Cost of refugees for Ger­many to reach 10 bln, says Ifo

Financial Mirror (Cyprus) - - FRONT PAGE -

If a to­tal of 800,000 asy­lum-seek­ers do in­deed come to Ger­many this year, as forecast by the Fed­eral Min­istry of the In­te­rior, it would cost the state around 10 bln eu­ros, ac­cord­ing to the Mu­nich-based Ifo In­sti­tute. This fig­ure does not take into con­sid­er­a­tion fam­ily mem­bers join­ing the refugees or any ed­u­ca­tional mea­sures; and is there­fore a con­ser­va­tive es­ti­mate, the re­search cen­tre said.

The qual­i­fi­ca­tion struc­ture of im­mi­grants from the cri­sis-af­flicted states of Syria, Iraq, Nige­ria and Afghanistan is prob­a­bly poor. Ac­cord­ing to data from the World Bank, the il­lit­er­acy rate even among the 14-24 year old age group is 4%, 18%, 34% and 53% in these coun­tries, re­spec­tively. Even in the most de­vel­oped of these coun­tries (Syria) only 6% of the pop­u­la­tion has a univer­sity de­gree, which is not equiv­a­lent to a Ger­man diploma in many cases.

Although refugees tend to be male and younger than the de­mo­graphic av­er­age age, one thing is still clear: they are poorly pre­pared for the Ger­man labour mar­ket. In ad­di­tion to lan­guage cour­ses, Ger­many will also need to in­vest in train­ing, which will gen­er­ate ex­tra costs.

Many refugees will re­main in Ger­many in the long-term and bring their rel­a­tives into the coun­try. Mi­gra­tory pres­sure from North Africa and the Mid­dle East will re­main high purely due to the de­mo­graph­i­cal sit­u­a­tion in these coun­tries.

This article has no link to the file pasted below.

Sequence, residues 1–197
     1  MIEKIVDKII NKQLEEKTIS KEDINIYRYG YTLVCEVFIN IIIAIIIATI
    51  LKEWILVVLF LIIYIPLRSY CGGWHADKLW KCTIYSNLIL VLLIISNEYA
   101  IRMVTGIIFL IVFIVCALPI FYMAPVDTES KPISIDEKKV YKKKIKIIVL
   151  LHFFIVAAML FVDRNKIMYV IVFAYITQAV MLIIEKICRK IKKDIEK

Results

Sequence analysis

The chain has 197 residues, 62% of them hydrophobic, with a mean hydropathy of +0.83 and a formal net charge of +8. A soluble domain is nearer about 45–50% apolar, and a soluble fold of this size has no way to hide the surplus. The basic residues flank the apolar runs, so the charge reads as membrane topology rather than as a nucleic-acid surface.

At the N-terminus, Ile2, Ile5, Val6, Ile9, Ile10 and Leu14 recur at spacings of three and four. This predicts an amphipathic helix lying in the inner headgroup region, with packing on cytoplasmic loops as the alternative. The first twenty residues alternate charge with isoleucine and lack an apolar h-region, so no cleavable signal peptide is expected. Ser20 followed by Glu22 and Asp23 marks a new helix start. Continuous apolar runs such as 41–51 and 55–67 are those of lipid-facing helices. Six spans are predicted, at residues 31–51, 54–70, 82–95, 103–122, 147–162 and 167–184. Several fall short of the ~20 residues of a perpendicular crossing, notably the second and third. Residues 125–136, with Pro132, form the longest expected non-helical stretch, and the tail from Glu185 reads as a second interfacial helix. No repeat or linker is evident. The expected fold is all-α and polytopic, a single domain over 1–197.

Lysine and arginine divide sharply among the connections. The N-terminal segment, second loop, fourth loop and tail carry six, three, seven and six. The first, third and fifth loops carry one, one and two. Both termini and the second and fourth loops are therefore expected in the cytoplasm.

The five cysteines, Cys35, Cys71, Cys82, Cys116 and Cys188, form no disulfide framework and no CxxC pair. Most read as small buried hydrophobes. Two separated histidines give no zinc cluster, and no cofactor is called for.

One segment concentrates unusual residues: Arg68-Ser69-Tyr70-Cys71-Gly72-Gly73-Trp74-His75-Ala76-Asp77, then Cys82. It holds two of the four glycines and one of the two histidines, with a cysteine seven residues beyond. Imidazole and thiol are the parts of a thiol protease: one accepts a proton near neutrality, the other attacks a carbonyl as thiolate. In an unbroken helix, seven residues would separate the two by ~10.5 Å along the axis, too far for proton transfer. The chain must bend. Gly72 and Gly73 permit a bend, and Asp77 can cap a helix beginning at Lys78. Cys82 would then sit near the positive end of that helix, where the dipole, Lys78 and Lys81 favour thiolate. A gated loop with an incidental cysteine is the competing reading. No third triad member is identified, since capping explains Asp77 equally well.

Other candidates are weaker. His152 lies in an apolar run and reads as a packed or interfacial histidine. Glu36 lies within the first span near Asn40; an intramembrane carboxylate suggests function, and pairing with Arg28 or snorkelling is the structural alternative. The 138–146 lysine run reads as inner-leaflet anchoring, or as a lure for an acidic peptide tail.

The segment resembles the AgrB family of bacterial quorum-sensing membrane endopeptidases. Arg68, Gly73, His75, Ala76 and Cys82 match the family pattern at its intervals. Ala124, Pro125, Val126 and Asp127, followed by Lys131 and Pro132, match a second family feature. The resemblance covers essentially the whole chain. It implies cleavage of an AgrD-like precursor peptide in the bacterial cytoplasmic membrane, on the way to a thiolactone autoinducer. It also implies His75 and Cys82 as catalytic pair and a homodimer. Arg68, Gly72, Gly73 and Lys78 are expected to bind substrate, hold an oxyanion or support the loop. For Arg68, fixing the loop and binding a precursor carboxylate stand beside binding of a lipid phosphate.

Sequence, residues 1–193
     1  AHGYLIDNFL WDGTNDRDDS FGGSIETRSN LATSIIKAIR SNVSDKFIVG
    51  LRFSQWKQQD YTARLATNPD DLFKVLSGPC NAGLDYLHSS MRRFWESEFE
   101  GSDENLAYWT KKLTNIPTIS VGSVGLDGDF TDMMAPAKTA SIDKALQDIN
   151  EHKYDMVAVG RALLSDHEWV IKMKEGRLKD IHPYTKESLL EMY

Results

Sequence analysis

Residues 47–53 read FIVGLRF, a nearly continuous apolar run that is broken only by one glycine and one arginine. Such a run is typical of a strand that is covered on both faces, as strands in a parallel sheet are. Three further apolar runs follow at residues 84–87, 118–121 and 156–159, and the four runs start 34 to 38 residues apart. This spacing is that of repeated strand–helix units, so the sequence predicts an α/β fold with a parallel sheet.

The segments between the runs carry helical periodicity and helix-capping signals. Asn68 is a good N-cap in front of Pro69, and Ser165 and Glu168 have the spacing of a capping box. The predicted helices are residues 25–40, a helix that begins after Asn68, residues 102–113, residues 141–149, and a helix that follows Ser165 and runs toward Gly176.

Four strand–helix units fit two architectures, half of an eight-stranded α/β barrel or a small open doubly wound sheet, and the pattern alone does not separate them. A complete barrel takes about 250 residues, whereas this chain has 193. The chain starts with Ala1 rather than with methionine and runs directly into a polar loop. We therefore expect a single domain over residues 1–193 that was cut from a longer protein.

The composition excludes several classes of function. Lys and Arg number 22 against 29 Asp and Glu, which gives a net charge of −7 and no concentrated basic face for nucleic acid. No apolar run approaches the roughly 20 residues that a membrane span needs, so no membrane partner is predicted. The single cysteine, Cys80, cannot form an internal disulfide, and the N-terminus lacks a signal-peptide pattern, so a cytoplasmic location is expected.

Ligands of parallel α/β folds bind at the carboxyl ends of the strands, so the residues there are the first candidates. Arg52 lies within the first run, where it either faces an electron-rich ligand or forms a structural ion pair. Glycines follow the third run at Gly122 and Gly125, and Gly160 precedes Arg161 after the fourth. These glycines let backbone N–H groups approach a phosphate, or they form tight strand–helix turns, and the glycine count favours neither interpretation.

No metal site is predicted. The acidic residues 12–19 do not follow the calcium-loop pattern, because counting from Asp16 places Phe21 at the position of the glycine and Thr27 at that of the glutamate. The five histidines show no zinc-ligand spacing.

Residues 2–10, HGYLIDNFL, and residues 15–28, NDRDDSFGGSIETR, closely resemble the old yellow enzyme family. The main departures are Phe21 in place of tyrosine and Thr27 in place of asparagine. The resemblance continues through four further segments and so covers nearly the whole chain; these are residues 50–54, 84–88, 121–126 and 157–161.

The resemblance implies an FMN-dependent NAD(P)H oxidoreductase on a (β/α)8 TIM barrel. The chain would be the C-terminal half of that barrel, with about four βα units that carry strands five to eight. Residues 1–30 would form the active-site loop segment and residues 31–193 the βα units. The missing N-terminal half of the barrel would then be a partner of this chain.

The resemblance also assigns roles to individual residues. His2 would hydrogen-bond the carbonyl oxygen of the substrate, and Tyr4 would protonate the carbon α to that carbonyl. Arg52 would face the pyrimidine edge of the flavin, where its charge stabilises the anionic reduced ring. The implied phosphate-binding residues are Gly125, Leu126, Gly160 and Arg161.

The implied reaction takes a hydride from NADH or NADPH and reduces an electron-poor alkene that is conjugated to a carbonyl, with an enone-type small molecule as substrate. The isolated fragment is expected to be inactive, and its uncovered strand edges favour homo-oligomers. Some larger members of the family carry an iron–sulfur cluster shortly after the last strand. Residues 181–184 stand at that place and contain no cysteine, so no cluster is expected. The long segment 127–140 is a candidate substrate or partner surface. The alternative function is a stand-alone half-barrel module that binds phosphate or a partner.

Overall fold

To avoid the refugee cri­sis be­com­ing a long-term fi­nan­cial bur­den for Ger­man taxpayers, refugees have to get paid em­ploy­ment as fast as pos­si­ble, so that they can meet their own liv­ing costs. There are fears, how­ever, that many of them will not be able to find a job with a min­i­mum wage of 8.50 eu­ros in place be­cause their pro­duc­tiv­ity is just too low. It would be, there­fore, a good idea to lower the min­i­mum wage across the board to pre­vent un­em­ploy­ment from ris­ing.

Rais­ing Hartz IV stan­dard rates in the present sit­u­a­tion is a very bad idea, as this would re­duce in­cen­tives for refugees to look for work and gen­er­ate an ad­di­tional fis­cal bur­den.

Model sim­u­la­tions by the Ifo In­sti­tute show that even in the case of a sus­pen­sion of min­i­mum wage leg­is­la­tion and Hartz IV rates re­main­ing sta­ble, the sup­posed im­me­di­ate in­te­gra­tion of im­mi­grants into the Ger­man labour mar­ket does not stand to ben­e­fit the Ger­man econ­omy. Although there are some labour mar­ket ad­van­tages, they are out­weighed by higher un­em­ploy­ment rates and net trans­fers to im­mi­grants.

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